PAOLA, Kan. -- The Kansas Department of Transportation continues to mourn the loss of one of its own. A snow plow driver was killed early Saturday morning while trying to keep the roads safe for all of us.
Stephen Nicholas Windler, known by many as "Nicky", was just 25, and an engaged father.
"I couldn't believe it. I go through moments where I wish it wasn't real. I wish he was coming home," said Windler's fiancee, Aeriadini Large.
But his family is confident he died doing what he loved, and hope the tragedy that took his life will bring an important reminder to us all.
Nicky Windler loved being behind the wheel of a snow plow. He'd worked for KDOT three years, but Saturday morning, near the end of a 12-hour overnight shift, something went terribly wrong.
“I tried to call him all morning and knew something was wrong,” said Large.
KDOT's statewide leader and KHP later knocked at her door.
“I kept asking if he was okay and couldn't get an answer. She finally told me he'd passed away. It was really hard and she (Nicky's sister) was the first person I called,” Large said.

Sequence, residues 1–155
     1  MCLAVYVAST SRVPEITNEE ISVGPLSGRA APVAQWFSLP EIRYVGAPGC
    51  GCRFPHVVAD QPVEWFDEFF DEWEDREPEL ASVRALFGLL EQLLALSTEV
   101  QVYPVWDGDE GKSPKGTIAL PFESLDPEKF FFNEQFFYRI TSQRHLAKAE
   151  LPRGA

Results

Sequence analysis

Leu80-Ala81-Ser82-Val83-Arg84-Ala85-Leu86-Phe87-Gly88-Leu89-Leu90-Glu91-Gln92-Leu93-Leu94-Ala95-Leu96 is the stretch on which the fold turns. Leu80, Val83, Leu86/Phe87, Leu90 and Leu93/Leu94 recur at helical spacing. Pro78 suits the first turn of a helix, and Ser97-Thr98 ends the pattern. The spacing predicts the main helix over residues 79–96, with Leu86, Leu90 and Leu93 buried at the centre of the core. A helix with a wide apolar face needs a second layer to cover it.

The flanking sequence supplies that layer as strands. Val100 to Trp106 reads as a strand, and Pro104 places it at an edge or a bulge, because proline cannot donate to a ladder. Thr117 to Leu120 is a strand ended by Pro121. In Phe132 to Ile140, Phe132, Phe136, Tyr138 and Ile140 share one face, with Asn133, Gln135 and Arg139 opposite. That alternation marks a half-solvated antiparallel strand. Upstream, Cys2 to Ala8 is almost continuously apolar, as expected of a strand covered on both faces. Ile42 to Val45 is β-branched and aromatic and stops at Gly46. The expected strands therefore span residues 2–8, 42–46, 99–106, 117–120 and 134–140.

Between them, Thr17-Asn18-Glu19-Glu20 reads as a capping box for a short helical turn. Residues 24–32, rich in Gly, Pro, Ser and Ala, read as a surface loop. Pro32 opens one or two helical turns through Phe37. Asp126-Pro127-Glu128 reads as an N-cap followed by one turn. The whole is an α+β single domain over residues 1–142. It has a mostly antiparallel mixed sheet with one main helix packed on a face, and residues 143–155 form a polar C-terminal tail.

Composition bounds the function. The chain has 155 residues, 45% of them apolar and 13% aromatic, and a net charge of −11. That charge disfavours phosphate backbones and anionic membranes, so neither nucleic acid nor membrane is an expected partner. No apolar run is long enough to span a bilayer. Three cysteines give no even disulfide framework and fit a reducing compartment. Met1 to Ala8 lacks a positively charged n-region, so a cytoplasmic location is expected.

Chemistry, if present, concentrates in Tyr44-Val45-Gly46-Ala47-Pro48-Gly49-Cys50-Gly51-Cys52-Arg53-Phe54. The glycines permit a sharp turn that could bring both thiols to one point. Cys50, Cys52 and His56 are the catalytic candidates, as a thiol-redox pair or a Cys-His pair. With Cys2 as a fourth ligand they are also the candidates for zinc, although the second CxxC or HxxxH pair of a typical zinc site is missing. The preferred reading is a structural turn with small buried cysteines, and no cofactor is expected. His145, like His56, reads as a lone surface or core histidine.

“I remember it so clearly. 10:26 a.m.,” said his sister, Alicia Windler.
The crash report says Windler was driving south on 69 Highway near Stilwell, when he hit the shoulder, and drove into the grass. The plow spun, then flipped down a hill, where a cross now sits. Windler wasn't buckled up and was thrown from the vehicle. The plow truck landed on top of him.
“He loved his job so much. We always told each other, `Be safe.’ And he’d say, `I will babe. I promise,’” said Large.
Aeriadini and Windler share a 1-year-old son. She says he also became a father figure to her other two sons, a 7-year-old and a 4-year-old with autism. The couple recently got engaged and she's already missing the bright light that he brought into their lives.
“He was always happy. Always made everything positive no matter what it was,” said Large.
Though their grief is immense, so is the community's kindness and the support from their KDOT family.
“They’ve been amazing every step of the way. They call every day to see if we need anything. Everybody’s been amazing. I’m thankful for that,” said Large.
She’s now hoping as the winter season continues, everyone will take time to respect and appreciate plow drivers, who work tirelessly to keep all of us safe.
“Be safe. Be careful. Be patient with them, and just be careful. Go slow. Pay close attention,” said Large.
“And appreciate them,” Alicia Windler said.
“Say 'thank you' for everything that they do,” Large said.
Aeriadini has been a stay-at-home mom and has now lost the family’s sole provider. A Go Fund Me page is up to help the family.
Funeral arrangements are being planned through the Eddy Birchard Funeral Home in Osawatomie.